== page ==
ATM fees shake-up may push Britain towards cashless society

Cash machine use dwindling in face of contactless and mobile

Thousands of free-to-use cash machines could be axed from Britain's high streets due to plans to cut fees that fund the network, banking industry group LINK warned last week.

LINK has a strategy to minimise the impact to consumers due to a proposed reduction in fees over the next four years from around 25p to 20p per cash withdrawal. The reduction in fees paid by card issuers (banks and building societies) to ATM operators will inevitably push down the number of cash machines.

LINK wants to manage the process to prune ATMs in areas where there are multiple machines very close together while safeguarding provision of ATMs in deprived communities, where demand would not otherwise make one viable.

The growing popularity of contactless and online payments is reducing consumers' demand for cash and therefore the need for ATMs. Data from UK Finance predicts that over the next ten years, the number of cash payments will fall by 43 per cent to 8.7 billion payments, with the total value predicted to fall by 23 per cent to £185bn in 2026.

Reducing fees for running ATMs is likely to push Britain further towards a cashless society, according to some payments experts.

An estimated 38 million transactions were made in 2016 using mobile payments, accounting for £288m spent using mobile phones. Pubs, bars and restaurants made up 20 per cent of all mobile payments processed and "Meal Deal" hotspots for workers buying lunch – such as supermarkets and grocery stores – accounted for 54 per cent, according to recent research by WorldPay.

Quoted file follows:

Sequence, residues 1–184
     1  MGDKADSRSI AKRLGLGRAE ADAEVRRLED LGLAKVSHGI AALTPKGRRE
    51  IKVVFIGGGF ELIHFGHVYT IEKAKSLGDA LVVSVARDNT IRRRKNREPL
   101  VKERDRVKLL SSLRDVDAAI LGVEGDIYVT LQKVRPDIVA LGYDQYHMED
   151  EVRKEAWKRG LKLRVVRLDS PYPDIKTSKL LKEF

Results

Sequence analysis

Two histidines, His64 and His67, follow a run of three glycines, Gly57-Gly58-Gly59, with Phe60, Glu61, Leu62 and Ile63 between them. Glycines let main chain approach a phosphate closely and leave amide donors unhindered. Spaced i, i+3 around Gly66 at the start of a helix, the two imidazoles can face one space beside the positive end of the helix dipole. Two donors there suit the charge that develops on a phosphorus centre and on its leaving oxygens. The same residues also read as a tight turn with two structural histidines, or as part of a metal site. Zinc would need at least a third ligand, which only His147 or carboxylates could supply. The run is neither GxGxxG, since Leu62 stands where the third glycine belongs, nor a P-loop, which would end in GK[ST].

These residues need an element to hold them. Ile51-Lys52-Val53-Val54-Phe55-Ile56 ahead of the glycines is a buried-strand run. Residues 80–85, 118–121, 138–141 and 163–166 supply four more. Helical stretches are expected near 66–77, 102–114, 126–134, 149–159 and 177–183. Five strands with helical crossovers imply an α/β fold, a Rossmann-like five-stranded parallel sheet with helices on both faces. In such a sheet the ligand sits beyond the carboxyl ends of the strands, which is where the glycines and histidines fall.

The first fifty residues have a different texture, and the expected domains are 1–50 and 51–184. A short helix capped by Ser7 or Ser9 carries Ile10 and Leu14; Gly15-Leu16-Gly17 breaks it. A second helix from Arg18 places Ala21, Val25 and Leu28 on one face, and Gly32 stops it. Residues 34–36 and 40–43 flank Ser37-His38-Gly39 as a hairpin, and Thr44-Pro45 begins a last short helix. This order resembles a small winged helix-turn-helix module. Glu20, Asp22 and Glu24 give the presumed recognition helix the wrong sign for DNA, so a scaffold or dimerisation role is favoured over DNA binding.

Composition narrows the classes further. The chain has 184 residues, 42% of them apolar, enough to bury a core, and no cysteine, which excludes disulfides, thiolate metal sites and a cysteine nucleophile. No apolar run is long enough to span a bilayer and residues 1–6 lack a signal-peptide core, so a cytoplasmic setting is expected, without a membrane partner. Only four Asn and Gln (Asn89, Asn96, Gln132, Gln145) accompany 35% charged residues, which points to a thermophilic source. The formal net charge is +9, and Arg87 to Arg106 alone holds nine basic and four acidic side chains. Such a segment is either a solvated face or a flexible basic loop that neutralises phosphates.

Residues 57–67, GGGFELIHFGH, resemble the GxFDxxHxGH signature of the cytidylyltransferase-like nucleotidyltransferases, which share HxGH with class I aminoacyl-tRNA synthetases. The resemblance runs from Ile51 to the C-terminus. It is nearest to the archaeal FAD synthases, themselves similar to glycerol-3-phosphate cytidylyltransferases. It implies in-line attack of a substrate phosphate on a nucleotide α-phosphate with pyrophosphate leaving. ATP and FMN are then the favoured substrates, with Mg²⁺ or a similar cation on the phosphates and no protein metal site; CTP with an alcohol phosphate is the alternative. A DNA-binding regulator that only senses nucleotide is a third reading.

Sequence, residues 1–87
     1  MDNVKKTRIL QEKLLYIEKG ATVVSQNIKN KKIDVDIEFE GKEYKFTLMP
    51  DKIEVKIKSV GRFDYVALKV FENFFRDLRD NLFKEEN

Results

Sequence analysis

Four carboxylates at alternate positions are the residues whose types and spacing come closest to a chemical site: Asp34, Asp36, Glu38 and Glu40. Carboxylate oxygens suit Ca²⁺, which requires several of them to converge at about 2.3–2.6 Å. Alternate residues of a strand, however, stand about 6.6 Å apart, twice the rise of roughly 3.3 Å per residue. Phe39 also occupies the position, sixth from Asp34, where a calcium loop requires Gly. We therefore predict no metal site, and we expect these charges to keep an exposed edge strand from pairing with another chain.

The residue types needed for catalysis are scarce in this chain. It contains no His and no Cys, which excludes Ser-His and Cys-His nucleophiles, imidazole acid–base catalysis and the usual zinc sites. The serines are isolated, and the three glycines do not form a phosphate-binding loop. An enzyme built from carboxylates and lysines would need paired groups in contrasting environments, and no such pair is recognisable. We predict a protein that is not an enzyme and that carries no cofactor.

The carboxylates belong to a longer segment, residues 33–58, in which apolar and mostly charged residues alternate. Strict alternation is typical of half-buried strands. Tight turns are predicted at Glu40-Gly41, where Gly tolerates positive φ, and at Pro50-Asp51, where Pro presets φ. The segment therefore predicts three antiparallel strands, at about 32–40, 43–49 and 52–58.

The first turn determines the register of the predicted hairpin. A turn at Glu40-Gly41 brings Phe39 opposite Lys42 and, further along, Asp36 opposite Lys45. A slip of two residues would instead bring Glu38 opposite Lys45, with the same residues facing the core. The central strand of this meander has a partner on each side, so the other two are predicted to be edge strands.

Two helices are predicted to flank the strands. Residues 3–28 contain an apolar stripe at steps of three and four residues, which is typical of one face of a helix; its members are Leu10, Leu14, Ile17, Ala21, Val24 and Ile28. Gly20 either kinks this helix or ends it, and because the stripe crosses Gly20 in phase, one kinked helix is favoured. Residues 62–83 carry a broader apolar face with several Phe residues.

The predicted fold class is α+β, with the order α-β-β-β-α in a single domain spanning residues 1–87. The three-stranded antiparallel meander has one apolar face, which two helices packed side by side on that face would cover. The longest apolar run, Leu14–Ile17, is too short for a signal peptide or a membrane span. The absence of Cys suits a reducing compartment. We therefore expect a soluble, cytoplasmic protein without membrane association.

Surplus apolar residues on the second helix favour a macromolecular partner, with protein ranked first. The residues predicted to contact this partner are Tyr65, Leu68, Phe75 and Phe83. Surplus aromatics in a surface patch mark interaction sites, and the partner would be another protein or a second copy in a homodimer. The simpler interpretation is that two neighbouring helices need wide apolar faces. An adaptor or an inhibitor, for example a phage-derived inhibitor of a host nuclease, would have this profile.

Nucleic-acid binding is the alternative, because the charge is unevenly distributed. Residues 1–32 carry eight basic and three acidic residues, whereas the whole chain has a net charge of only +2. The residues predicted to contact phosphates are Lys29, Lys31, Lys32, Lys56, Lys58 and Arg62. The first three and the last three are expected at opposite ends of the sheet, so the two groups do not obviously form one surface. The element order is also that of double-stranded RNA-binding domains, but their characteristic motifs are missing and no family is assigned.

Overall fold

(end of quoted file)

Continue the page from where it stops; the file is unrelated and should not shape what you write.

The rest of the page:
Given the option, 26 per cent of Brits would never choose to pay cash when buying an item in a shop and more than a quarter (26.35 per cent) find it irritating when they have to pay by cash rather than card, according to a survey commissioned by global payment experts PPRO Group.

A contrary view comes in another study by ACI Worldwide, which found that despite a rise in mobile and contactless payments, 42 percent of UK consumers still use ATMs just as much as they always have. A little under a third (29 per cent) of respondents would like to see ATMs offer better and more secure means of authentication.

ACI Worldwide is a supplier of real-time payments software used by ATM networks so it has skin in the game.

"I don't see the ATMs heading for retirement any time soon," said Lu Zurawski, consumer payments lead EMEA at ACI Worldwide. "As well as being ubiquitous and simple to use, some people prefer hard cash as a deliberate way of controlling their spending.

"The trend towards regional bank branch closures may put an even greater emphasis on the role of the ATM, including services beyond simple cash withdrawal." ®


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